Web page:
Updated: April 7, 2003
Applies To: Windows Server 2003, Windows Server 2003 R2, Windows Server 2003 with SP1, Windows Server 2003 with SP2
WMI Filters are a new feature in Windows Server 2003 and Windows XP. WMI Filters allow an administrator to dynamically determine the scope of GPOs based on attributes of the target computer. This provides the administrator with the potential to dramatically extend the filtering capabilities for GPOs well beyond the previously available security filtering mechanism.
A WMI filter is a separate object that can be linked to a GPO. When the GPO is applied on the target computer, the filter is evaluated on the target computer. A WMI filter consists of one or more queries that are evaluated against the WMI repository of the target computer. If the total set of queries evaluates to false, the GPO is not applied. If all queries evaluate to true, the GPO is applied. Each query is written using the WMI Query Language (WQL), which is a SQL-like language for querying the WMI repository.
Note that client support for WMI filters exists only on Windows XP and later operating systems. Windows 2000 clients will ignore any WMI filter and the GPO is always applied, regardless of the WMI filter.
Each GPO can have only one WMI filter. However, the same WMI filter can be linked to multiple GPOs. Like GPOs, WMI filters are per domain objects.
Figure 7 in the Scoping GPOs section shows a GPO scope pane with a link to the GPO for the “XP Systems” WMI filter. WMI filters are only available in domains that have the Windows Server 2003 configuration. Although none of the domain controllers need to be running Windows Server 2003, you must have run ADPrep /DomainPrep in this domain. ADPrep is a utility included on the Windows Server 2003 CD and must be run before upgrading an existing Windows 2000 domain to Windows Server 2003. If ADPrep /DomainPrep has not been run in a Windows 2000 domain, the WMI Filters node will not be present, and the GPO scope tab will not have a WMI filters section.
The user can create new WMI filters from the WMI Filters container in the GPMC console. Right-clicking either the WMI Filters container or the Contents pane for this node allows the user to create a new WMI filter or to import a filter that was previously exported. Selecting New will present the user with the dialog box in Figure 22.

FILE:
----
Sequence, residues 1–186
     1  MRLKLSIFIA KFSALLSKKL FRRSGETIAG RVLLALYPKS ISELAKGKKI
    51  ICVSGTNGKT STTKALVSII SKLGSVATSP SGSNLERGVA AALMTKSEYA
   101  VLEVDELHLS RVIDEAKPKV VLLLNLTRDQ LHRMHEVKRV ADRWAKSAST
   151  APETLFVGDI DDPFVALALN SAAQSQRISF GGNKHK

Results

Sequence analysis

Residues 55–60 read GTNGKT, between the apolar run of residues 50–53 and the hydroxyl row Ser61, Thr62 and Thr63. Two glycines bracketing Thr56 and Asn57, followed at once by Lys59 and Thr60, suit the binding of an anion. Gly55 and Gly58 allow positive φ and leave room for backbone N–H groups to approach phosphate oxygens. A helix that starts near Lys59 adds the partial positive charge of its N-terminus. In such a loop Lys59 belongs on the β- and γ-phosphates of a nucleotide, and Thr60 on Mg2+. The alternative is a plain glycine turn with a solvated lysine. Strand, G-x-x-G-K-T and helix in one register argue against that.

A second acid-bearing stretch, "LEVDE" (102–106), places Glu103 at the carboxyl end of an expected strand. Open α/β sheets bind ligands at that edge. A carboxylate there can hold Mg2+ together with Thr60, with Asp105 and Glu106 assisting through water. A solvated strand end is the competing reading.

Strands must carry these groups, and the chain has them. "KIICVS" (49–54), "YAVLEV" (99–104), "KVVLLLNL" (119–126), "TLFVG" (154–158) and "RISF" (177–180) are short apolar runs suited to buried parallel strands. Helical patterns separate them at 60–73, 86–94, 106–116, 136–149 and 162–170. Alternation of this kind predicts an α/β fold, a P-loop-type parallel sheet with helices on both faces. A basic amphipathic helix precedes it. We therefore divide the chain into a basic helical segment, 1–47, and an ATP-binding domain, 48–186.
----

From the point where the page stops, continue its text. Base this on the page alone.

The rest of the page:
The user enters a name for the WMI filter, an optional description, and then one or more WQL queries using the Add button. Note that for each query, you must specify the WMI namespace where the query is to be executed. The default namespace is root\CIMv2, which should be appropriate for most scenarios. When the user presses the Save button, the query syntax is checked before the WMI filter can be saved.
There are three methods for linking a WMI filter to a GPO:
On the Scope tab of the GPO, use the WMI filtering dropdown to select a WMI filter to link to the GPO.
On the General tab of a WMI filter, right-click the GPOs that use this WMI Filter section and select Add (shown below in Figure 23). Selecting Add will present the user with a list of GPOs in the domain to which the user can link the WMI filter. You can only link to one GPO at a time from this pane.
Using drag and drop, drag a WMI filter onto a GPO.
There is no option to link to a GPO in another domain because WMI filters can not be linked to GPOs in a different domain. Note that the ability to link a WMI filter to a GPO requires edit access to the GPO, as the link to the WMI filter is an attribute of the GPO.
The General tab on the WMI filter pane allows the user to edit a WMI filter. If the user does not have write access to the WMI filter, the Edit Filter button is grayed out. The user can modify the WMI Filter name, description, and the WMI query from this dialog box.